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COL@CHC: Mather lines a go-ahead single into the gap

CHICAGO -- In a matchup of rebuilding clubs, the Rockies looked a little bit further along in the process early on Friday, before the Cubs mounted a long ball-fueled rally in a 5-3 come-from-behind win that gave Chicago fans an indication that better times indeed may lie ahead.

Colorado entered the game on a five-game winning streak, while the Cubs were mired in a 4-17 stretch that began with the July 31 Trade Deadline. Early on, the Cubs looked listless at the plate, struggled in the field and saw righty Jeff Samardzija struggle with his mechanics as Colorado built a 3-0 lead.

Still, the Cubs hung close and came alive late in the type of win that can be a building block for a team full of young players.

"If you look at all of my starts this year, that's probably one of the more proud starts I can say that I had," Samardzija said. "There's been times when I've had good stuff and it's gone smoothly. To come out early and scuffle, really not have fastball command or my slider all game, to get through the seven innings felt really good. Felt like a starting pitcher."

Samardzija, who had held opponents to a .209 batting average over his last nine starts, struggled with his fastball and slider from the start. Chris Nelson and Carlos Gonzalez homered to lead off the second and third, respectively, though Samardzija was able to limit the damage. He allowed three runs, four hits and a pair of walks in the first three frames.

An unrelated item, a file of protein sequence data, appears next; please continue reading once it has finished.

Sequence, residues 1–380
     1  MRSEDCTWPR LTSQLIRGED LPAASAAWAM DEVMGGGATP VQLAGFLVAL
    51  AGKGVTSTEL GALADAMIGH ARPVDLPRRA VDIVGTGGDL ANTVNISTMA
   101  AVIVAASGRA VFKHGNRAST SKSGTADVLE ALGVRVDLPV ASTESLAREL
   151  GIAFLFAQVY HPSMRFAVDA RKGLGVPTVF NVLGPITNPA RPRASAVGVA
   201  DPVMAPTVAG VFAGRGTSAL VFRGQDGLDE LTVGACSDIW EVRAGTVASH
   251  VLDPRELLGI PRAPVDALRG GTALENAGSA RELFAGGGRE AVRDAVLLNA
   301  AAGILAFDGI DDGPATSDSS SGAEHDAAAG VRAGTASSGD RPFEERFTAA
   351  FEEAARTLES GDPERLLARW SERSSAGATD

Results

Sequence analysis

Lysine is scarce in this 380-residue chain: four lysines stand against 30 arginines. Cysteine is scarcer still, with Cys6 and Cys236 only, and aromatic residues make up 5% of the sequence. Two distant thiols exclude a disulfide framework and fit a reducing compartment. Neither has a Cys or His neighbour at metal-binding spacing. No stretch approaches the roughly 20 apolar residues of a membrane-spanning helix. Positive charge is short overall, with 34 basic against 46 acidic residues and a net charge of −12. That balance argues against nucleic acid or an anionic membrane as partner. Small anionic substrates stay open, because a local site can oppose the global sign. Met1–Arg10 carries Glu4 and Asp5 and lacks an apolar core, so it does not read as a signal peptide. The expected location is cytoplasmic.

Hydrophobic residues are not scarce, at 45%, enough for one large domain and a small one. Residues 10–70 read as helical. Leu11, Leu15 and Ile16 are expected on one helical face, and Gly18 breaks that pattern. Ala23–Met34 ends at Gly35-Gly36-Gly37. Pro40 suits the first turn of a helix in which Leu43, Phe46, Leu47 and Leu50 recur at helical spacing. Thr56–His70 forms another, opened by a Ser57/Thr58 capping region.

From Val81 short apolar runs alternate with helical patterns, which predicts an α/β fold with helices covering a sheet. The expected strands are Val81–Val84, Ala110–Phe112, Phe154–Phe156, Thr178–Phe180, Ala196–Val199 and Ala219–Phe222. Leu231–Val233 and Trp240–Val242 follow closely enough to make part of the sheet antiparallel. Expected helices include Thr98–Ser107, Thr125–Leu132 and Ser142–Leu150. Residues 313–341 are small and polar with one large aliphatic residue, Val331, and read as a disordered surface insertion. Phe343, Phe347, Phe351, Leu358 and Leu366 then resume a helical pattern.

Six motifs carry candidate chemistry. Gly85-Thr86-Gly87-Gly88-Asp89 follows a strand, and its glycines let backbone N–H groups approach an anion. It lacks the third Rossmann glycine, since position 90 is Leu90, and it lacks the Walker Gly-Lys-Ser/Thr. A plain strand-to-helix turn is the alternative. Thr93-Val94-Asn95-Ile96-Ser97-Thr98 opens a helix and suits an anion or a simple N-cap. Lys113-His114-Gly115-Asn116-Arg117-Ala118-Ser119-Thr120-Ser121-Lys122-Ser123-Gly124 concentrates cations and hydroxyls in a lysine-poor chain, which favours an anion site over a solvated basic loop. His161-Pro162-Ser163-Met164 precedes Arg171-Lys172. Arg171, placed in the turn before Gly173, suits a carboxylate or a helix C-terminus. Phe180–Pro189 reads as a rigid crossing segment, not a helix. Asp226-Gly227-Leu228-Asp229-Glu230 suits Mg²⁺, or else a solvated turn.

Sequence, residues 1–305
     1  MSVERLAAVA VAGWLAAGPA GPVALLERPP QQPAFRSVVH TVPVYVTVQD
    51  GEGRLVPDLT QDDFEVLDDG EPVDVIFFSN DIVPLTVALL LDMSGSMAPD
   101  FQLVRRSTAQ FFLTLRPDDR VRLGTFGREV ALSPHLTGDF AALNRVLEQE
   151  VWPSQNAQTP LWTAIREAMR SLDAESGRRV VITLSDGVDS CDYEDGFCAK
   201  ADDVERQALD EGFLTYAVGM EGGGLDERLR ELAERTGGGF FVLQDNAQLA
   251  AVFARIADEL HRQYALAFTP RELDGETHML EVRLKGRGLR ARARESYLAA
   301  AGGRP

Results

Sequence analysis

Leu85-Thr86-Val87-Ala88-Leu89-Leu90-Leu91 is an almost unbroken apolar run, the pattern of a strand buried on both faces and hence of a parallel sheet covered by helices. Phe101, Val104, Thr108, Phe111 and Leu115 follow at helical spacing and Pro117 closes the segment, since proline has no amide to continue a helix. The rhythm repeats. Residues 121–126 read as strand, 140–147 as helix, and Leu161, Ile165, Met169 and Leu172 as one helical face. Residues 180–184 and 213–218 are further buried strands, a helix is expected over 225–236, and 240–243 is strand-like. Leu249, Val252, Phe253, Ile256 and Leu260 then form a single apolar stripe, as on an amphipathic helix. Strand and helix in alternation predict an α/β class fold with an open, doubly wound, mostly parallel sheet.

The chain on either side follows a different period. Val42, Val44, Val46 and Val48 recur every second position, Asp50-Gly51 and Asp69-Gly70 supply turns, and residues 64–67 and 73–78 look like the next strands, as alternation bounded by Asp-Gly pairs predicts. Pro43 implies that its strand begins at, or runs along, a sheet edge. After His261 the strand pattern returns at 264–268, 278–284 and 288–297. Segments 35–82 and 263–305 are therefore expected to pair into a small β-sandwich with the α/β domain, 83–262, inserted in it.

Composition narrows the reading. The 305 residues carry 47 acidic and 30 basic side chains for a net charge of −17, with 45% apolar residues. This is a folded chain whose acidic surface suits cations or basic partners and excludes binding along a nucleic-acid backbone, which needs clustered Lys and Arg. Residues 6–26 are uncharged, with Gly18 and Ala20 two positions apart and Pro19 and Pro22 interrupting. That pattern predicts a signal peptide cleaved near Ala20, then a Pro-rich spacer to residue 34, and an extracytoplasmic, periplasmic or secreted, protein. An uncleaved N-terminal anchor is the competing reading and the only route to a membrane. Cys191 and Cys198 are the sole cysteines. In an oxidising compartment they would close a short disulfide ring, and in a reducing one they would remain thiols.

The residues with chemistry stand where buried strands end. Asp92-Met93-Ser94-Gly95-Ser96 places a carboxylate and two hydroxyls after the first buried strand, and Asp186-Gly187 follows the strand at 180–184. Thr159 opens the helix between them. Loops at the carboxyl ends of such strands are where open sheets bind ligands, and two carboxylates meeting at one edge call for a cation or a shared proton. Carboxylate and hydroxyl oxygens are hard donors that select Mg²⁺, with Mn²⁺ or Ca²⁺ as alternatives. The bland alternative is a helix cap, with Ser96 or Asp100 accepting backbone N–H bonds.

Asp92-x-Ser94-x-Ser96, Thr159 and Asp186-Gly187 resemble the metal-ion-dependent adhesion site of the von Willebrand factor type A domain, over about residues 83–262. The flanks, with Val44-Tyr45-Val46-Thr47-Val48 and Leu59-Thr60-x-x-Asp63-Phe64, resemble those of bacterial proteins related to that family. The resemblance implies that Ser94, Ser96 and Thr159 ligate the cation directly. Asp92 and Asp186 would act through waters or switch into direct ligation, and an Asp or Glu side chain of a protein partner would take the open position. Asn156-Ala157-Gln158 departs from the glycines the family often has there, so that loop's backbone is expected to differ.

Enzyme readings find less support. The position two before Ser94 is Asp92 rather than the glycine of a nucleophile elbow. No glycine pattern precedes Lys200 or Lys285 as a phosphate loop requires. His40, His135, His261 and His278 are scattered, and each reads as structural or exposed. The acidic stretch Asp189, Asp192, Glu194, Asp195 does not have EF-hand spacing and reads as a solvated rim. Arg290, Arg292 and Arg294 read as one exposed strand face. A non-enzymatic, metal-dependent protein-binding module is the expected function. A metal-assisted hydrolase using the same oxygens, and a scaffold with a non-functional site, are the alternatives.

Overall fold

"I looked at him to see him looking at the pitch count up on the board, so he kind of knew where he was," manager Dale Sveum said. "I told him he needs to start looking at that pitch count when it says 'Zero' in the first inning."

After three innings, Samardzija had thrown 60 pitches. He needed just 39 pitches to get through the next four innings, departing after a 99-pitch effort with just two more hits allowed. It was a performance befitting of a top-of-the-rotation starter that Samardzija aspires to become.

"That's always been in the back of my mind," Samardzija said. "Obviously, I've known I have a long ways to go. I think when you go out and do things like that, when you can have a successful day when you don't have everything, that means a lot.

"It gives you extra confidence when you do have your stuff to pitch deep into games and throw a lot innings. Ultimately, that's what it's all about when you're a starter."

While Samardzija was finding his groove, the offense also struggled, managing just a Starlin Castro walk in the first four innings of its first matchup against Rockies lefty Drew Pomeranz. Castro was retired on a double play.

"We were in a good place but we didn't do much offensively," Rockies manager Jim Tracy said. "We took advantage of a wild pitch and we hit a couple of solo home runs."